The Capitol riot and GameStop mania might be signs of a new, chaotic direction for the US — or one final bout of madness before calm is restored

  • Both the Capitol riot and the GameStop mania have revealed the instability of our institutions.
  • These events could be a sign of more chaos or a last bout of wildness before normalcy.
  • Whether we go down one path or the other depends on how the government and society responds.
  • Dan Alpert is an adjunct professor at Cornell Law School and a founding managing partner of the New York investment bank Westwood Capital LLC.
  • This is an opinion column. The thoughts expressed are those of the author.
  • Visit the Business section of Insider for more stories.

The month of January is named after Janus, the Roman god of both beginnings and transitions. 

There were plenty of both last month. The advent of the Biden administration — together with a fully unified Democratic Congress — certainly marked a new beginning. 

But beyond that fresh start, the month was also marred by darker, more foreboding events that we can only hope are merely temporary convulsions as we begin the slow transition out of the pandemic and the fact-free world of the past few years.

The shock of the storming of the US Capitol by a conspiracy theory-fueled mob wore off a bit in the glow of a new, normative presidency. No sooner, however, did we begin to move towards the ordinary and orderly, then we were again astounded by the virtual storming of Wall Street in the form of the GameStop mania.

Both events exposed anarchic realities, which have been clear for keen observers for some time: the dysfunction of our government and the lifting of the curtain to reveal Keynes’s “casino capitalism” in secondary capital markets.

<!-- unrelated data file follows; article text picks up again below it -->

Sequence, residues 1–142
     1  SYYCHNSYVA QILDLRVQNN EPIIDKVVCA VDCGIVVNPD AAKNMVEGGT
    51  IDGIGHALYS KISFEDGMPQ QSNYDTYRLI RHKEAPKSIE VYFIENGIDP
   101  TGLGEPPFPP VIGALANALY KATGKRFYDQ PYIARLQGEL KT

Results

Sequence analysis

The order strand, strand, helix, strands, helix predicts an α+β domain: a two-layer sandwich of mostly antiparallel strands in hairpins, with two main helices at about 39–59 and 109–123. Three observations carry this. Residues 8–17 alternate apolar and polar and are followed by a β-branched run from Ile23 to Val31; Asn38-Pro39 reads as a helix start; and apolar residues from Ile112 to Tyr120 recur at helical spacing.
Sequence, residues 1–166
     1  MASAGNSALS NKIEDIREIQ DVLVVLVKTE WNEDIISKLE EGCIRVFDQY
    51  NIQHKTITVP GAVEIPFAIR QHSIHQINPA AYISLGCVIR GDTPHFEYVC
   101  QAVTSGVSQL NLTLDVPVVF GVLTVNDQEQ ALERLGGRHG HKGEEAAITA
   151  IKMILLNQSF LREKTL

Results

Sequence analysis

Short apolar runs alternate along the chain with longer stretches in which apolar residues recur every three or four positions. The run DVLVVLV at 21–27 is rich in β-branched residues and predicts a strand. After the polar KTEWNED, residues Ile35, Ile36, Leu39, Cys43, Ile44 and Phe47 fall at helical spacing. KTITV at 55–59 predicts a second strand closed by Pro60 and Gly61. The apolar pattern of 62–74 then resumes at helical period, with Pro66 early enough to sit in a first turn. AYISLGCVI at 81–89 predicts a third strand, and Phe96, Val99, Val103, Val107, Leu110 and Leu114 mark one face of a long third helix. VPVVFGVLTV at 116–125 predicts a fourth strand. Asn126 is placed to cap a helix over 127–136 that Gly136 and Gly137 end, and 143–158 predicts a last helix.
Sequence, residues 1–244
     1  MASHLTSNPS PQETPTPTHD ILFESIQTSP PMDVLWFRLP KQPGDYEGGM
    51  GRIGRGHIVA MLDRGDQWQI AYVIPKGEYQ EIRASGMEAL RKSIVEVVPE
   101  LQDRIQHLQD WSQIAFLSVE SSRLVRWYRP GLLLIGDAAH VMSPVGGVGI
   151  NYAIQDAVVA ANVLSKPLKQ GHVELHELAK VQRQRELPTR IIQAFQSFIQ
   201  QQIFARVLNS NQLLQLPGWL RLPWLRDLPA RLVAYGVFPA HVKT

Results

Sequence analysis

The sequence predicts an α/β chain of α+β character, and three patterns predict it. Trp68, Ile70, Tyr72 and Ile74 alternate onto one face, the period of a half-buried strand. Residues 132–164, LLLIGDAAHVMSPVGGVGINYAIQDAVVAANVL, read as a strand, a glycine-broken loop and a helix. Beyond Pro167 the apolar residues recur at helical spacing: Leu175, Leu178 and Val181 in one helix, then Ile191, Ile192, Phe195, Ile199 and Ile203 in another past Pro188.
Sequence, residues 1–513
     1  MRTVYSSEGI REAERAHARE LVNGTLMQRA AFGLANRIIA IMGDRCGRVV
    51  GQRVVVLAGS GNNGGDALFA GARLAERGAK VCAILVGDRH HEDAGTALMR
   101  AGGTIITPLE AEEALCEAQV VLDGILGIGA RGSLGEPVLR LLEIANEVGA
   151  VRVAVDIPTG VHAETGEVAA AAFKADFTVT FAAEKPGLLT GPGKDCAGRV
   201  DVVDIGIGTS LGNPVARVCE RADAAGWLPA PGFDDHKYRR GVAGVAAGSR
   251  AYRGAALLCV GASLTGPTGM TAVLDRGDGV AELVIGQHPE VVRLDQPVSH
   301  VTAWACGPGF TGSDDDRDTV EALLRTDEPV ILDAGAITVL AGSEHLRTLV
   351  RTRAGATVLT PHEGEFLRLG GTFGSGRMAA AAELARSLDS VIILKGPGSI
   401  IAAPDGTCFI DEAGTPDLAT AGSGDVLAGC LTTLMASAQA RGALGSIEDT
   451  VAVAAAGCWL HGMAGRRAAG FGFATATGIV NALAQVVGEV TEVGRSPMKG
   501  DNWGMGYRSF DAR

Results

Whether our current chaotic present descends into further madness or is just a temporary stop on the path to a stronger, brighter future depends on how effectively we confront the fact-free narratives gripping both our government and financial markets.

Our institutions have become unmoored

The blinders are off now on the supposed importance of the public equity markets in price discovery and the provider of liquidity that is said to be vital to the process of actual capital formation. Capital formation, or the actual channeling of new investment capital into businesses, has largely retreated to the sphere of experts running private investment and venture funds.

Public markets now pose more danger than support for orderly finance. Given the chaos of the public market and its divorce from fundamental realities, it should come as no great shock that since 1996 the number of publicly listed companies in the US has fallen by nearly half. 

Similarly, the deliberative institutions of government themselves have become a danger to the survival of self-government. Rather than acting as the guardian of our democracy, our legislative bodies have ceded policymaking to technocrats and executive orders.

The extremism of those motivated by deftly-targeted falsehoods about our government yields its own grievance culture when their inanity is denigrated and brought to a halt by the rest of us. The gripes of Trump’s MAGA-crowd are well known and, after years of enabling a false equivalence between some of their most outrageous claims and the actual truth, many in the media have finally rejected this misguided premise

And now, we are seeing a mirror of that political misinformation take hold in financial markets. There are myriad stories from those who have participated in the financial markets as though they were playing a game of video poker on claiming abuse at the hands of “Wall Street.” But these claims that micro-brokerages like Robinhood and WeBull have somehow wronged investors by halting the purchase of “meme stocks” is as outrageous as those who invaded the Capitol building complaining about the police crackdown against them after the fact. 

A narrative not based in fact

The so-called “retail frenzy” in the shares of heavily shorted or otherwise disfavored companies such as GameStop, AMC Theatres and Blackberry (hey, I still use a Blackberry!) was brought to a temporary halt when the micro-brokerages ran out of the cash they needed to post with the large firms that actually clear their orders in the markets. In fact, the entire business model of these gamified peddlers of “stonks” is based on willingness of huge market-makers like Citadel Securities to pay them for order flow (which the large firms use to profit from the small gaps between the bid and asking prices for securities).